Los Angeles County has the most Covid-19 cases confirmed in the nation, at over 100,000 as of 30 June, according to a Johns Hopkins University count. Local health officials have warned that one in 140 residents may unknowingly have the virus - last week, that estimate was one in 400.
California officials pin the surge in part to a rise in social and family gatherings, particularly among residents in the 18-49 age group, who make up the majority of California's positive cases.
Easing restrictions on indoor businesses, like gyms and restaurants, likely also played a role. State leaders have also noted that many bars and restaurants were not following social distancing protocols or requiring face coverings.
Seven counties on Sunday, including Los Angeles, were ordered to shut their bars. Counties and cities, like San Francisco, have reversed reopening plans. Disney also delayed plans to reopen, citing a lack of guidance from the state.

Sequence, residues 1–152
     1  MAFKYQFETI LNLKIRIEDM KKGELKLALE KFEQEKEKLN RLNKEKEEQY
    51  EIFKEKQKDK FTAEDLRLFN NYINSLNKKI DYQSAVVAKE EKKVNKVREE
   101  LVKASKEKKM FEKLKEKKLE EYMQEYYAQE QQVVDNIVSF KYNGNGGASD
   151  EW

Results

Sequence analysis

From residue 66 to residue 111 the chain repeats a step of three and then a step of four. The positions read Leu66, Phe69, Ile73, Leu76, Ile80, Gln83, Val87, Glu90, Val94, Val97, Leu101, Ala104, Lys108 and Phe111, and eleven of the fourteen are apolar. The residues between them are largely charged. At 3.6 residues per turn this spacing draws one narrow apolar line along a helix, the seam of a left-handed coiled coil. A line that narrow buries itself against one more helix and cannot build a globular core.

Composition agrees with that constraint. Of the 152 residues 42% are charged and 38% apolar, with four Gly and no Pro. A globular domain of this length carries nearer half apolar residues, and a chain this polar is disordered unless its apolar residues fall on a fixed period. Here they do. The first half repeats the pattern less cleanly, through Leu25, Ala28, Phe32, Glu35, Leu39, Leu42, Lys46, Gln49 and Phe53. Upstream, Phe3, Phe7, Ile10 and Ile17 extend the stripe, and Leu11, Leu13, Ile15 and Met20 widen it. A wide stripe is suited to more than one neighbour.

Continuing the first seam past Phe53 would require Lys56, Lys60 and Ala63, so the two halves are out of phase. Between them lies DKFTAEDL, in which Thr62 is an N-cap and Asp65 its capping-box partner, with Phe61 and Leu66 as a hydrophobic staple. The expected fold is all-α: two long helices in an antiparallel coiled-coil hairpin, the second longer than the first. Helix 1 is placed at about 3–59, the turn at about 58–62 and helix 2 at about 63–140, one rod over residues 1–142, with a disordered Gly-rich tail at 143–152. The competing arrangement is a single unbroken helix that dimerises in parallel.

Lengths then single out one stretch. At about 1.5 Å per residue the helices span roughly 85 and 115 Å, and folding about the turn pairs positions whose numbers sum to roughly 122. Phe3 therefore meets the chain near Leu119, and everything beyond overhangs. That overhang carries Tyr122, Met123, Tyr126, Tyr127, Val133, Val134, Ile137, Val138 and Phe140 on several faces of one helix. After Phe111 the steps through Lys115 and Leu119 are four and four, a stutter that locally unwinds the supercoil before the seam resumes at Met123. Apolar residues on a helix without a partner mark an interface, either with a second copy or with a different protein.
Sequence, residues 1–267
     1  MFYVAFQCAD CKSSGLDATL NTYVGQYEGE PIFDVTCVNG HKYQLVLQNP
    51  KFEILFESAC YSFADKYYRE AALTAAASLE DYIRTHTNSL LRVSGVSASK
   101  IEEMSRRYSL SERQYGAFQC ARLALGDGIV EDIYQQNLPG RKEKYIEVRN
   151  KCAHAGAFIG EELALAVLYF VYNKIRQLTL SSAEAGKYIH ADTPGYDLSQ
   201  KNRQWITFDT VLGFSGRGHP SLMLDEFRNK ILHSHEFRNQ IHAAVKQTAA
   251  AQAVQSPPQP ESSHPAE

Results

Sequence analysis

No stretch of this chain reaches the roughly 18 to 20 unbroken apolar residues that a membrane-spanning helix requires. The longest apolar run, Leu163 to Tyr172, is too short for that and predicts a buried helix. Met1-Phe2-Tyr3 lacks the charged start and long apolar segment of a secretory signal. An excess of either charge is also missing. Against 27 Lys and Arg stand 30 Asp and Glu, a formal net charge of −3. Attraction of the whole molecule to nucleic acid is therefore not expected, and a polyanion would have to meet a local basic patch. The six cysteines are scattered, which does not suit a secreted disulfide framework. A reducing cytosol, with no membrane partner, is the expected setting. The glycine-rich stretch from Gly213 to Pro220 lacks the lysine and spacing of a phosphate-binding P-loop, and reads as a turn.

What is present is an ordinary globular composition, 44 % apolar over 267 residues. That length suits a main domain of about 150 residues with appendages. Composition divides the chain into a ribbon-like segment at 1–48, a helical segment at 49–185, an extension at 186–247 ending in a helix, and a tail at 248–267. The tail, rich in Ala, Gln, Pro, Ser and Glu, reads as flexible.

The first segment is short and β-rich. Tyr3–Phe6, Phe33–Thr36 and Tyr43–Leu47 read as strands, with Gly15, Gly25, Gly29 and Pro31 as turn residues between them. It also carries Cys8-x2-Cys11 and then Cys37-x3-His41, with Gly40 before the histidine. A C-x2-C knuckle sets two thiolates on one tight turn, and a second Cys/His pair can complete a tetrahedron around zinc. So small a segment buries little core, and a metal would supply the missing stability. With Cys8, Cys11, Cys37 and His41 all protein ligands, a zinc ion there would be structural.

Clusters of the virus have emerged in prisons, nursing homes, as well as rural and urban areas.
The San Francisco Bay Area's San Quentin Prison reported more than 1,000 Covid-19 cases among its 3,500 inmates this week, following a transfer earlier this month from a prison experiencing an outbreak.
State data also shows a significantly higher number of Latino residents have been infected: Latinos account for around 39% of the state's population, but 56% of the total positive cases as of 30 June.
California's big cities, like thousands across the nation, also saw massive protests in the wake of George Floyd's death - though we still don't have data on how those gatherings may affect the virus' spread.
Reporting by Holly Honderich and Ritu Prasad